• Transform magazine
  • March 31, 2020

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Five minutes with Claire Rigby

claire rigby headshot.jpg

Founder partner of Boardroom Consulting Claire Rigby talks to Transform magazine about consumer trust in brands, the need to endorse sustainability and how brands can become more relatable with digitalisation.

As showed by the Edelman Trust Barometer, consumer trust in brands is decreasing while consumer sensibility to how brands impact societal issues is increasing.  How do you help brands navigate the world and ensure they include in their brand strategy the issues real and relevant for the consumers of today?

As a consultancy we believe, and see increasing evidence to demonstrate, that we are entering a new era of branding – one that global consultancy Interbrand, have defined as ‘the age of you’.  As we transition from the age of experience to the age of you, two tectonic shifts in society are creating what we believe is a new paradigm for brand. Both the rise of the individualised customer journey, enabled through technology, in which the customer increasingly self-directs, self-curates and self-defines their experiences. Combined with the shifting demographics and changing societal expectations, are creating a new dynamic between people and organisations.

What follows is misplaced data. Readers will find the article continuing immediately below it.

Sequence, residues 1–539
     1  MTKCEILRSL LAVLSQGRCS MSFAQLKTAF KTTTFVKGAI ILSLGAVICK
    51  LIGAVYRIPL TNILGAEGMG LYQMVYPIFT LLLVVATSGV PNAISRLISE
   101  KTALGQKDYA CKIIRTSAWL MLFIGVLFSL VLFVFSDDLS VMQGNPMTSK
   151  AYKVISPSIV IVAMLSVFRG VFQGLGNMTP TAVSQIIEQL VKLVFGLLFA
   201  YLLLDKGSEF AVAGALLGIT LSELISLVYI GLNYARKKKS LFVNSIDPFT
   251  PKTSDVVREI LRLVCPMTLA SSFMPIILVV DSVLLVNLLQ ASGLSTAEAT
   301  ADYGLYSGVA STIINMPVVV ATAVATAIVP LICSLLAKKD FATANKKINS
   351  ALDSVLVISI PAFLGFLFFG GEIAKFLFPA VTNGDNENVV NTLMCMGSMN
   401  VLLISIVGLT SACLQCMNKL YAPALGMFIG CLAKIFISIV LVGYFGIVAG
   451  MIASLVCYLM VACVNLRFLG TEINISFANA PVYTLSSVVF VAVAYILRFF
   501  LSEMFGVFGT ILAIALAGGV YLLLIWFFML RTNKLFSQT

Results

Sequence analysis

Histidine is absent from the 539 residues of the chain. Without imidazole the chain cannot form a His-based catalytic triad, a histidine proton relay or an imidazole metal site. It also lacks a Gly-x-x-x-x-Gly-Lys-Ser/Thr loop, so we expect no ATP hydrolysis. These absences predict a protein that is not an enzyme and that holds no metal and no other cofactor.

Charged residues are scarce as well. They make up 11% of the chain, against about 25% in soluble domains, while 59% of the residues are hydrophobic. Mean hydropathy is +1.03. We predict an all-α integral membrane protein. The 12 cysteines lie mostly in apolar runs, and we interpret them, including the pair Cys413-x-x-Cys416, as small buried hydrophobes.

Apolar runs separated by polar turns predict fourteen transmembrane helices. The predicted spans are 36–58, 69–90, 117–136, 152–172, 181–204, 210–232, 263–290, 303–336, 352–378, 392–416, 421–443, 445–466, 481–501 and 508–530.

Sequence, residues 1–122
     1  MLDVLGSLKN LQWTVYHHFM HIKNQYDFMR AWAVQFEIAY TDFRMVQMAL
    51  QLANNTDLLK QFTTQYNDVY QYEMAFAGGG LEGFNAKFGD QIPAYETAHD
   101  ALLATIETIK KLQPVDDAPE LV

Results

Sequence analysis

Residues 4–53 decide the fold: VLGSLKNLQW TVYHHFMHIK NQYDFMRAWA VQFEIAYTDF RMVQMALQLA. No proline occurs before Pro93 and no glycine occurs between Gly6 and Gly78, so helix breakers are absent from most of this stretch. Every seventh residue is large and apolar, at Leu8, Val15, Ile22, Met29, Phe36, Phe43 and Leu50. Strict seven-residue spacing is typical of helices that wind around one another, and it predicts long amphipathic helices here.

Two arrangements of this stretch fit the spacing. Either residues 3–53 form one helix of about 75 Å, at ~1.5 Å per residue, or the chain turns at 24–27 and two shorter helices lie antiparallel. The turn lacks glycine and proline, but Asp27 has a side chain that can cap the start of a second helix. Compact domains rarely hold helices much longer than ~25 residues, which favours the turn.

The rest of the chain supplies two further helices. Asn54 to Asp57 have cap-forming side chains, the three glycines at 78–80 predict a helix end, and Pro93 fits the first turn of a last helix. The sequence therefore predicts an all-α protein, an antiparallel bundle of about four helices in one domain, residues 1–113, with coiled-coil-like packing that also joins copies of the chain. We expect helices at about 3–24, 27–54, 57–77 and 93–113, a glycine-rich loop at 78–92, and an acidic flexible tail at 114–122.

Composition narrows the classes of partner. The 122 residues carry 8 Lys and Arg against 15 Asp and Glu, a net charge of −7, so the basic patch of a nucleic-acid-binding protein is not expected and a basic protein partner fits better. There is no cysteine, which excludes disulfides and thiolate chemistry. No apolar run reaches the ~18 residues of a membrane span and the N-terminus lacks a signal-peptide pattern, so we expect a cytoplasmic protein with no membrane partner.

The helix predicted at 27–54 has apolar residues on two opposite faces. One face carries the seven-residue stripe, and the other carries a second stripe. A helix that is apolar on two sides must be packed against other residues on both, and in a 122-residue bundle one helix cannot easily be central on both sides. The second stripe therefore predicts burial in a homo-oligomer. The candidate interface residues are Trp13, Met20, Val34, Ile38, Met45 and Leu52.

This is pushing new expectations and responsibilities onto brands, businesses and institutions whether they like it or not.  In this new era, audiences are increasingly looking for and rewarding, with loyalty, advocacy as well as their custom, those brands and organisations that connect to universal and personal values and have a positive impact on the wider world, not just their own business.  We like to talk about and describe this as a shift from the notion of the ‘brand idea’ – a universal, core idea that in the ‘Age of Experience’ drove coherence of experience across multiple channels and customer journeys -  to a recognition of the requirement, and value, of the ‘Brand IDEAL’.  

We believe a brand idea differs fundamentally from a brand IDEA in that it helps defines and articulate the role and impact that organisations, businesses or brands want to have in the world.  Beyond just the space they occupy or the experience they offer.  We firmly believe that to become and to remain real, relevant and relatable in this new era, brands need to be clear about, accountable to and consistent in delivering against their brand ideal.  Which means they need to have a clear sense of who they are, the role they play and why this matters, to the audiences that matter most to them.